Market Pulse - The week in review - April 17th 2023
Duncan Presant - Apr 17, 2023
The US added 236,000 new jobs in March resulting in a decrease in the unemployment rate to 3.5% (-0.1%). While the creation of new jobs is a positive, the trend for the labour market does appear to be slowing.
THIS WEEK’S RECAP:
▪ The US added 236,000 new jobs in March resulting in a decrease in the unemployment rate to 3.5% (-0.1%). While the creation of new jobs is a positive, the trend for the labour market does appear to be slowing. This will be viewed favourably by Fed officials, as they keenly want to see inflation lower, and need the economy to slow (via higher unemployment) to achieve this objective.
▪ The National Federation of Independent Businesses (NFIB) in the US has published its monthly survey report, which assesses the condition of small to medium-sized businesses. The report revealed that the Business Optimism Index is still at its lowest level in several years, and there has been a further decline in expectations for credit conditions. These surveys are typically considered as leading indicators for the economy because smaller businesses have less financial resilience to cope with a downturn, and therefore, can indicate a potential slowdown in the broader economy.
▪ US CPI confirmed expectations, showing improvement in the inflation measure (lower CPI). Rent, which is a crucial and challenging component of the services section of the CPI calculation, finally showed some minor improvement. Lower energy and food prices also contributed to the decline in headline CPI in March. This data, in isolation, will not likely be enough to push the FOMC to the sidelines when they next meet (May 3rd).
▪ The Bank of Canada decided to maintain their target overnight rate at 4.5% and issued their latest economic projections in the quarterly Monetary Policy Report. According to the report, inflation is expected to gradually decrease to 2.3% by 2024, while growth will decelerate throughout this year and into 2024. The bank reiterated their stance on the necessity of keeping rates high for an extended period to address inflation, and they indicated that the impact of these higher rates is evident in the housing sector, reduced consumption in high-value purchases and weaker business investment. They anticipate that a slowdown of the US economy will weigh on the Canadian economy, particularly on exports (energy and goods). Governor Macklem emphasized the bank's objective and mandate to restore price stability and stated their readiness to increase rates further if inflation continues to remain elevated.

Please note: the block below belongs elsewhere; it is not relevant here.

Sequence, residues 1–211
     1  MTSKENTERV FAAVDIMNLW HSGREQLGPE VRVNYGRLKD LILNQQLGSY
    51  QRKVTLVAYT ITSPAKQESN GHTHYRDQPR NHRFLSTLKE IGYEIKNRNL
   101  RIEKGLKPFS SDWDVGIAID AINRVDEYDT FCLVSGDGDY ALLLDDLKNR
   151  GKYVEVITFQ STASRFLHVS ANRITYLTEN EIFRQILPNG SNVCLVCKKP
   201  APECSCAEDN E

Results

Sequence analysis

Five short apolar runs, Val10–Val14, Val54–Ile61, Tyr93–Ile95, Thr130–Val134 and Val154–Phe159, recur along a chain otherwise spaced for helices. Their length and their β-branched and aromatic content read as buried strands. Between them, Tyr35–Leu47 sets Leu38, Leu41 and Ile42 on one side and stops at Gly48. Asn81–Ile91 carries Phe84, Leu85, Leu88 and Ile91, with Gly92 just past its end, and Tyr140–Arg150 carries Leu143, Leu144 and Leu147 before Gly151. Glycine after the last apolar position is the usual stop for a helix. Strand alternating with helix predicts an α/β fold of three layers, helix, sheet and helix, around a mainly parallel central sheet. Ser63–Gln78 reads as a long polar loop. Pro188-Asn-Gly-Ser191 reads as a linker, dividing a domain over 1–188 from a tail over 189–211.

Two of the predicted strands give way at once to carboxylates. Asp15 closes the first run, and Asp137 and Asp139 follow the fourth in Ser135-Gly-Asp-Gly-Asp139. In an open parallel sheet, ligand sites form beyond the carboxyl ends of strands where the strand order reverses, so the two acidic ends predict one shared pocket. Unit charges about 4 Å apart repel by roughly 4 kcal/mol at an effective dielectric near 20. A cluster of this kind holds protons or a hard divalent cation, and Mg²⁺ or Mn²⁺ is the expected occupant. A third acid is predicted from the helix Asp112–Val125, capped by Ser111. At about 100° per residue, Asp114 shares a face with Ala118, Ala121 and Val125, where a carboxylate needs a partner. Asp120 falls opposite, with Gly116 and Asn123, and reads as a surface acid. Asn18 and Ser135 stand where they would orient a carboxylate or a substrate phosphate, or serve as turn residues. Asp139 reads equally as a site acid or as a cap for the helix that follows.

ON DECK FOR NEXT WEEK:
▪ US earnings season begins, with the big banks reporting first. As a result of the turmoil in March, there will be heightened focus on deposit flows and interest margins for the banks. The initial read we got on Friday morning looks quite positive for big banks (JP Morgan and Citigroup) and not so great for smaller institutions (PNC). We will get more colour next week with a broader set of companies reporting.
▪ On the data front, we will see updates on housing and manufacturing south of the border while Canada will release CPI data for March.
For more information, please visit ci.com.
This document is provided as a general source of information and should not be considered personal, legal, accounting, tax or investment advice, or construed as an endorsement or recommendation of any entity or security discussed. Every effort has been made to ensure that the material contained in this document is accurate at the time of publication. Market conditions may change which may impact the information contained in this document. All charts and illustrations in this document are for illustrative purposes only. They are not intended to predict or project investment results. Individuals should seek the advice of professionals, as appropriate, regarding any particular investment. Investors should consult their professional advisors prior to implementing any changes to their investment strategies. Certain statements contained in this communication are based in whole or in part on information provided by third parties andCI Global Asset Management has taken reasonable steps to ensure their accuracy. Market conditions may change which may impact the information contained in this document. CI Global Asset Management is a registered business name of CI Investments Inc. © CI Investments Inc. 2023.
All rights reserved.